Lacking a dengue vaccine, scientists tinker with skeeter genes

Dengue cases over time

It’s rarely on most Americans’ minds, but worldwide dengue is a big killer. And it’s spreading fast.

The U.S. Centers for Disease Control and Prevention says there are anywhere from 50 to 100 million people infected every year with dengue — including a very small, but increasing number of Americans — and an estimated 50,000 deaths from this mosquito-born disease.

Here’s an interactive look (go to this link) at dengue around the world from HealthMap:

The number of cases of dengue have exploded over the past few decades in tropical and semi-tropical regions. Some believe this may be driven by climate change and an expanded range for the mosquito (Aedes aegypti, which also carries yellow fever).

Dengue cases over time

Others think shipping, cargo transportation, may be the main route of spread. This skeeter tends to like to live in urban and semi-urban areas.

Because of the global surge in dengue, the U.S. military and some pharmaceutical companies have stepped up efforts to develop a vaccine that can protect against the infection. The Bill & Melinda Gates Foundation has donated $60 million to the vaccine efforts as well as some more ‘innovative’ approaches such as modiying the genes of mosquitoes.

Earlier this week, a team of scientists (partly funded by Gates) reported success in a field trial of mosquitoes genetically modified so that their offspring die following reproduction. As the BBC noted, dengue can’t be fought with same tools as malaria, such as bed nets, primarily because these mosquitoes bite during the day time.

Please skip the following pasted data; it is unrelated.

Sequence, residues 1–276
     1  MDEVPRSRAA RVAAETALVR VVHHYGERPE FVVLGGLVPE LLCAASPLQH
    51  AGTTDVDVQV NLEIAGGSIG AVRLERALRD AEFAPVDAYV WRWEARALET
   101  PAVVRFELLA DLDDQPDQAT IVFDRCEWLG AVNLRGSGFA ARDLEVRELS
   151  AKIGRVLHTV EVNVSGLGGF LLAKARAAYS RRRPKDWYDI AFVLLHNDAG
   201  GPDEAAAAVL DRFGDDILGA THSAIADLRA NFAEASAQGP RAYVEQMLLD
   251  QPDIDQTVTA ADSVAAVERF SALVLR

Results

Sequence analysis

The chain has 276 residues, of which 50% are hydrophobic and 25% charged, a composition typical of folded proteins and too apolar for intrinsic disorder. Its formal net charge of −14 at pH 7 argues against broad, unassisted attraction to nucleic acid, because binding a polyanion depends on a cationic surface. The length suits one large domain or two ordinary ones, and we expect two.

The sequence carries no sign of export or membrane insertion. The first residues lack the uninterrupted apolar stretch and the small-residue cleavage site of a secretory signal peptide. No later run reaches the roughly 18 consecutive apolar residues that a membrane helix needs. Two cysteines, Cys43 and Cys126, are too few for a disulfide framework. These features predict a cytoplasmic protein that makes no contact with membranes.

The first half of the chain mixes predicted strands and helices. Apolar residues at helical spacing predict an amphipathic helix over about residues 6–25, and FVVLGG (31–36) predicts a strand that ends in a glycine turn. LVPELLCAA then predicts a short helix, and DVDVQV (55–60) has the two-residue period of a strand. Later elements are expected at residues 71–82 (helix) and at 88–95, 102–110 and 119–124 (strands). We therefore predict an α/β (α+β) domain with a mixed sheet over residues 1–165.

The successful field trial — which just tested the genetic tinkering’s effect on reproduction, not dengue transmission — has nevertheless raised concerns about unintended environmental side-effects, the New York Times reports. 

The British biotech company pursuing this approach, Oxitec, had already raised some hackles earlier for too aggressively moving forward with their releasing modified mosquitoes into the wild.

Meanwhile, to much less media attention and fanfare, other scientists (many of them also funded by the Gates Foundation) are working on developing a vaccine against dengue. Here is one recent news brief about an ongoing trial.

For a broader overview of work on developing a vaccine, see the Dengue Vaccine Initiative.

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Tom Paulson

Tom Paulson is founder and lead journalist at Humanosphere. Prior to operating this online news site, he reported on science,  medicine, health policy, aid and development for the Seattle Post-Intelligencer. Contact him at tom[at]humanosphere.org or follow him on Twitter @tompaulson.